How does one force an elementary school child to study or to master a foreign language at such a young age?
Ask Wakaba Yoshida, 40, and the answer is quite simple: Never try to discipline a child to begin with.
Yoshida’s daughter, Ayumi, 11, beat out 1,600 competitors to be crowned winner of a national English speech contest held in Tokyo earlier this month.
“It isn’t about making her work as hard as she can,” Yoshida said of her approach in developing her daughter’s champion skills. “It’s more about supporting her when necessary and not pushing too hard.”
Despite never having set foot outside of Japan, Ayumi, who resides in Yamaguchi Prefecture, delivered a pitch-perfect monologue in reciting a prepared story about Aladdin and his magic lamp during the All Japan Junior English Speech Contest on Feb. 6. Her Obama-esque delivery won the hearts of judges and some 200 spectators alike.
“We praised her English skills a lot since she began studying, and so did her friends and their mothers. That had a sort of synergy effect and made Ayumi enjoy the process. It became a good motivation,” Yoshida said.
Ayumi, who will become a sixth-grader in April, got a jump start from early on, becoming hooked on English educational TV programs before she could even ride a bike. Her affection with English had nothing to do with her parents, who don’t speak the language, but by her third birthday, she was eager to join a local English school.
The first hint of talent came when Ayumi read out loud a vocabulary her parents could barely read themselves. This was thanks to the local English school teachers, Yoshida said, who put weight on educating basic phonics and training communication skills. Ayumi said being able to read and pronounce an English vocabulary gave her an enormous sense of joy.
Ayumi’s interest kept growing to the point that, by age 10, she passed the presecond-level of Japan’s most widely used English-language testing program, Eiken (Test in Practical English Proficiency). That test is intended for high school graduates, according to the guideline by Society for Testing English Proficiency Inc., a nonprofit foundation in Tokyo that administers the program.
“It’s always fun when I learn a word, and that word appears on a text and I can solve a question,” Ayumi said.
“Ayumi attends English lessons twice a week, for a total of three hours. The monthly fee is about ¥13,000,” her mother said, explaining that other than her daughter’s own desire there was nothing up her sleeves that magically turned Ayumi into an English speaker.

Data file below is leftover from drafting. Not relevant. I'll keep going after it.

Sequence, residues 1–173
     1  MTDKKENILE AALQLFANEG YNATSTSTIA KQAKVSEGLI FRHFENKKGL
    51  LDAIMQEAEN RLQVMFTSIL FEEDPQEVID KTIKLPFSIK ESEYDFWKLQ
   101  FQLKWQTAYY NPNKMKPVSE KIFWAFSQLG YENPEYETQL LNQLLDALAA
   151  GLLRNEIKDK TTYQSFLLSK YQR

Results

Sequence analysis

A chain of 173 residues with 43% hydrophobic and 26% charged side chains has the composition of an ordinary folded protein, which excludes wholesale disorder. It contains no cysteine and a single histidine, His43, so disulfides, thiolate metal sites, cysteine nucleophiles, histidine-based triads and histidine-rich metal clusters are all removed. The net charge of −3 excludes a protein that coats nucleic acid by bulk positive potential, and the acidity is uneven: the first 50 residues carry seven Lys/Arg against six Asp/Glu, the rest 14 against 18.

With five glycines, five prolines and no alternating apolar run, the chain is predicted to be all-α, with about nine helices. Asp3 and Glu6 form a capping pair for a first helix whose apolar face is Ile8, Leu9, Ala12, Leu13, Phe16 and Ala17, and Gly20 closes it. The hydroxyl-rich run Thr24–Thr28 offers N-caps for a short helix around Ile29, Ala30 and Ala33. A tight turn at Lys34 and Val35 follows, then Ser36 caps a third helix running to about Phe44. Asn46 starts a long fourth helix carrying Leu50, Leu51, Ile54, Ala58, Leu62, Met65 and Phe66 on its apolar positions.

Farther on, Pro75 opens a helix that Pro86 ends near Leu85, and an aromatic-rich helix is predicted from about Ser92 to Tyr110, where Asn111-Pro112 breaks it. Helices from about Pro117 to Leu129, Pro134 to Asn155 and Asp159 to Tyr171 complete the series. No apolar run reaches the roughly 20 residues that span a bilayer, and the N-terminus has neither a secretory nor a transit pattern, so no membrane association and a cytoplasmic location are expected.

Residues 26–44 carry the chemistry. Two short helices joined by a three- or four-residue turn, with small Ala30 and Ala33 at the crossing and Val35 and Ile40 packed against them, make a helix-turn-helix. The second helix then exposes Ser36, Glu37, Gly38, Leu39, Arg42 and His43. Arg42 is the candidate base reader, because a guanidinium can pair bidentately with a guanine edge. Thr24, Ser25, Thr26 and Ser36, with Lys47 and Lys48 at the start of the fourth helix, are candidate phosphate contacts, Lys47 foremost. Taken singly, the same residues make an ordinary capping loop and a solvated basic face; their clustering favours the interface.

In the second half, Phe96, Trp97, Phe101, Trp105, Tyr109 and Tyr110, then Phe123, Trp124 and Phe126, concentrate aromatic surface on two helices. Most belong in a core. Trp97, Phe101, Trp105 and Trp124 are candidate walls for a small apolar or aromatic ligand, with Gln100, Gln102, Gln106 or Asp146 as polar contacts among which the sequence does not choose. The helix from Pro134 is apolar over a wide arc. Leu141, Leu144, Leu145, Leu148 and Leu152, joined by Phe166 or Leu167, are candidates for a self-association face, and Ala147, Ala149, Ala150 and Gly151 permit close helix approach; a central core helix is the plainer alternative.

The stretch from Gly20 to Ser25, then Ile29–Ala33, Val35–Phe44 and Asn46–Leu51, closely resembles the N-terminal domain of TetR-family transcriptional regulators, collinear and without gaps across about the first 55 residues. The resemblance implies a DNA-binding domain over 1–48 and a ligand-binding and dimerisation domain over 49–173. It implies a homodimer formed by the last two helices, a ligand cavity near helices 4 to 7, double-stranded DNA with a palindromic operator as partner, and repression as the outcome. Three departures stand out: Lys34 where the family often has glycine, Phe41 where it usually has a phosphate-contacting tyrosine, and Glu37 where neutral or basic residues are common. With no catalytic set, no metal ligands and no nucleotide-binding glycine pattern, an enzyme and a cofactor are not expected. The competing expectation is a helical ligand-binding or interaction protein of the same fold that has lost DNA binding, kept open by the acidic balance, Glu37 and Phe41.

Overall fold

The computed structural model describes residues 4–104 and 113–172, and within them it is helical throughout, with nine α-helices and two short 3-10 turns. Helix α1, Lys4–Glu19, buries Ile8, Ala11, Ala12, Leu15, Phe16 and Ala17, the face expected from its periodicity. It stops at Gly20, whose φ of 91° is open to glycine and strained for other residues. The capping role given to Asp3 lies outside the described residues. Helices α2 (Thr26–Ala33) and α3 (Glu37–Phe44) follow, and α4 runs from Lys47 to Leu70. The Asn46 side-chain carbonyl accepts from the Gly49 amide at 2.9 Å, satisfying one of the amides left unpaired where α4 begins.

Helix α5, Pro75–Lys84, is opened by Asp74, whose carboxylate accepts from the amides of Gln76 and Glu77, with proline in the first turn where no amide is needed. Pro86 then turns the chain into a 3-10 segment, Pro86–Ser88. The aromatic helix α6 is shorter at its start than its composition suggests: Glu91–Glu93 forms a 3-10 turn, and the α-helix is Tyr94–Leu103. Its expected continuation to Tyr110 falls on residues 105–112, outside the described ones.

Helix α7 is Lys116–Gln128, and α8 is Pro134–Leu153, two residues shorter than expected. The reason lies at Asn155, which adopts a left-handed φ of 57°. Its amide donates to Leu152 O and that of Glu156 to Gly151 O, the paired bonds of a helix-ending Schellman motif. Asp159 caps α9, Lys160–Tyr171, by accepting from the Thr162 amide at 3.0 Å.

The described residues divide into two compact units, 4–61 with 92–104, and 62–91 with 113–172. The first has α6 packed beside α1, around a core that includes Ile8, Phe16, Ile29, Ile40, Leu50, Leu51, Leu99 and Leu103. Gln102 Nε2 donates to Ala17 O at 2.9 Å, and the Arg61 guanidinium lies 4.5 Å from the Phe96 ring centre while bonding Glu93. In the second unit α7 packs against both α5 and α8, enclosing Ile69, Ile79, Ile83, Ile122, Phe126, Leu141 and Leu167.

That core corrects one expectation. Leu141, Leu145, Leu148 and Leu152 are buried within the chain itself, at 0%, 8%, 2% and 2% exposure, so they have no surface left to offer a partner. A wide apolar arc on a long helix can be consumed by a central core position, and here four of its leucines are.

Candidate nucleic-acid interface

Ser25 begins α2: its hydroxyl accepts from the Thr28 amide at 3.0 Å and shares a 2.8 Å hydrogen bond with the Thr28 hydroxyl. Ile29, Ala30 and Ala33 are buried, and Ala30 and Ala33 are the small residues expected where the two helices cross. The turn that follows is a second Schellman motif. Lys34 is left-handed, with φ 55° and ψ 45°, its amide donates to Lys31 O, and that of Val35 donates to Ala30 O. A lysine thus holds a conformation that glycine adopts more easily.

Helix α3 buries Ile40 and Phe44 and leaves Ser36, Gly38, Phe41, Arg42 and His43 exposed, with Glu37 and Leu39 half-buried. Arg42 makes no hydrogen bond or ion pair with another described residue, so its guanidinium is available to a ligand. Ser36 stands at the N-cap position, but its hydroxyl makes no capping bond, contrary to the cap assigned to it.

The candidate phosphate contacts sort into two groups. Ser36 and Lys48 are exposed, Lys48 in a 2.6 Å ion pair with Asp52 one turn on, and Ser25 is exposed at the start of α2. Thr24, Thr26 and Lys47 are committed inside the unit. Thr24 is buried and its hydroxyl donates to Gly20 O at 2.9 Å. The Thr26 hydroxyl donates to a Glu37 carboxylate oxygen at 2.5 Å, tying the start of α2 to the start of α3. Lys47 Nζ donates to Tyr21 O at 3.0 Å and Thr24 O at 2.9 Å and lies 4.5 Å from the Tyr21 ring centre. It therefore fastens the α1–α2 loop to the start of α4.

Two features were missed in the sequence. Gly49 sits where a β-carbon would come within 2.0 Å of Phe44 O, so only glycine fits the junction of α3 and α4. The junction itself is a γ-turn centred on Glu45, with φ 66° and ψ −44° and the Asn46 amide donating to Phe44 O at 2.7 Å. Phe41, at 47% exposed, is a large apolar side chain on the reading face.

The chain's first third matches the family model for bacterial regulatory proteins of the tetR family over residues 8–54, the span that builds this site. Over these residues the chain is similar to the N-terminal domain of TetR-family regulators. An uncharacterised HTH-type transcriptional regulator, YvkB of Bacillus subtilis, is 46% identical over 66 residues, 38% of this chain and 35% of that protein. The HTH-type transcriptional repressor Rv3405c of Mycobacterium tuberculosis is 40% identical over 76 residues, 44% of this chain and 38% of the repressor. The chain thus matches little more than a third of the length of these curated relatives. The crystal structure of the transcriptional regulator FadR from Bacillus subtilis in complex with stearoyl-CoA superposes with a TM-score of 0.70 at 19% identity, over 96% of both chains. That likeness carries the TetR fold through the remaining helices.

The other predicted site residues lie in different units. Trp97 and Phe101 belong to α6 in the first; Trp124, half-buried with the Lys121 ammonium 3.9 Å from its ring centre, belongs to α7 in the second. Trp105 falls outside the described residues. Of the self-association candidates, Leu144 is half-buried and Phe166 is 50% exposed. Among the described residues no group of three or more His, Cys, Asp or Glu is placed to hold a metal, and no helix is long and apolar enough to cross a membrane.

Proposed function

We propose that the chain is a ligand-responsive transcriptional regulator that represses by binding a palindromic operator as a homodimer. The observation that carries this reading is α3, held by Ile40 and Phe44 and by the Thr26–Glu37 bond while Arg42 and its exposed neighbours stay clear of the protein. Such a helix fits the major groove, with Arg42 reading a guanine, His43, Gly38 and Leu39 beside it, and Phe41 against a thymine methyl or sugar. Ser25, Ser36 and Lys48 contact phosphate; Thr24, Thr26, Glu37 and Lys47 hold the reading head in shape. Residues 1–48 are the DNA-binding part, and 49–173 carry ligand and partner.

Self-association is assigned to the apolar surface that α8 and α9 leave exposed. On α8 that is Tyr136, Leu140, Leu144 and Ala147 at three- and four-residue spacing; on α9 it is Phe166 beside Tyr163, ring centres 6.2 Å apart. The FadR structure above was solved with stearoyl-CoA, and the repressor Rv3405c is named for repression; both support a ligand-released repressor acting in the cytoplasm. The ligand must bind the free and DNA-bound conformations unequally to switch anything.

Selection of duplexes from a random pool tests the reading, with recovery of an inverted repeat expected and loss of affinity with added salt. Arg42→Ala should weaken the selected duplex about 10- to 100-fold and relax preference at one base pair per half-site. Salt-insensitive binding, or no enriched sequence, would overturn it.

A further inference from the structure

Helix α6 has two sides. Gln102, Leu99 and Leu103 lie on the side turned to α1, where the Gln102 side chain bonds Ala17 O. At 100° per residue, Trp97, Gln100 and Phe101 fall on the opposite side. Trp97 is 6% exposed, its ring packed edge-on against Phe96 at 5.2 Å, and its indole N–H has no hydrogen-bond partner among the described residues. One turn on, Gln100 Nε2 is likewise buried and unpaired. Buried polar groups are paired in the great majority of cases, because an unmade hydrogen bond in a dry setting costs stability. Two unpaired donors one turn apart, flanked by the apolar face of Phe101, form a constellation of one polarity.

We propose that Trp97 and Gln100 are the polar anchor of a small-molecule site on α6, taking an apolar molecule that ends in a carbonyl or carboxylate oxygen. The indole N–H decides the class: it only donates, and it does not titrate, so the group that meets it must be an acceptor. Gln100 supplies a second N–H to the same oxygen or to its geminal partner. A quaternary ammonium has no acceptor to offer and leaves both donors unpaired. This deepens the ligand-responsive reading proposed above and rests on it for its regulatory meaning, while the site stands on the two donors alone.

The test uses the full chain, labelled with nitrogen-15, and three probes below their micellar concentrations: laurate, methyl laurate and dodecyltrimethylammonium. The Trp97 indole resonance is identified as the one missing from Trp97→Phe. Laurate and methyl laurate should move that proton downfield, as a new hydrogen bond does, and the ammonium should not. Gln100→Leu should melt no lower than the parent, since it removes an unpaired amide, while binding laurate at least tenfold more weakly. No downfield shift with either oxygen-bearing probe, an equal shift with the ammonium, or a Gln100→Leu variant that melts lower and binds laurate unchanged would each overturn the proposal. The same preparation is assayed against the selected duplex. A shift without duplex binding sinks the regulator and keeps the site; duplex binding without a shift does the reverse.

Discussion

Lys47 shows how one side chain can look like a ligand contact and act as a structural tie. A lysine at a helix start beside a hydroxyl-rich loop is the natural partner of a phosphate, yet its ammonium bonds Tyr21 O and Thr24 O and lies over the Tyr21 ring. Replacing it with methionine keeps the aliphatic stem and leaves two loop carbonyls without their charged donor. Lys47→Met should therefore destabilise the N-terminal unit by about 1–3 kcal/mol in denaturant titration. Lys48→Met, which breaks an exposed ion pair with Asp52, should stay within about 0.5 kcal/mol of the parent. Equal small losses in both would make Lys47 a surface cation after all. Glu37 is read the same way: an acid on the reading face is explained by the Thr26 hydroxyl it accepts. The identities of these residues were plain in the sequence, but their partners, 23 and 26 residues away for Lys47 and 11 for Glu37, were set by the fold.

“In fact, we would have allowed her to quit studying if she ever wanted to. But in retrospect I think our attitude was important. Never forcing her to study English is probably why she was able to continue enjoying it,” Yoshida said.
Meanwhile, both mother and the daughter have positive comments regarding the April launch of compulsory English lessons for fifth- and sixth-graders.
“It is great that they will be focusing on communication skills. It used to be about learning the alphabet and grammar when I was in school, but the shift will likely provide an occasion for our children to enjoy studying,” Yoshida said. Surveys have shown that most mothers share her view about the new curriculum in schools.
Yoshida’s only concern is whether English lessons in junior high schools can adapt to the change.
“If lessons in junior high schools continue to be less about fun and more about preparing for high school entrance exams, then holding compulsory lessons for fifth- and sixth-graders will be meaningless,” she said.
Ayumi, who envisions herself as a TV announcer or an international businesswoman when she grows up, said she looks forward to the change in school.
But the hard worker said that aside from the compulsory lessons, she sees the need to brush up on her vocabulary, explaining that it is “always disappointing when I forget the meaning of a word.”
In a recent case, for example, she failed to grasp the meaning of a sentence because she wasn’t aware the word fine can have several definitions, including having a good quality or meaning a penalty.
“They switch meanings depending on the context. That is what is tricky about English. But I want to learn more,” she said.
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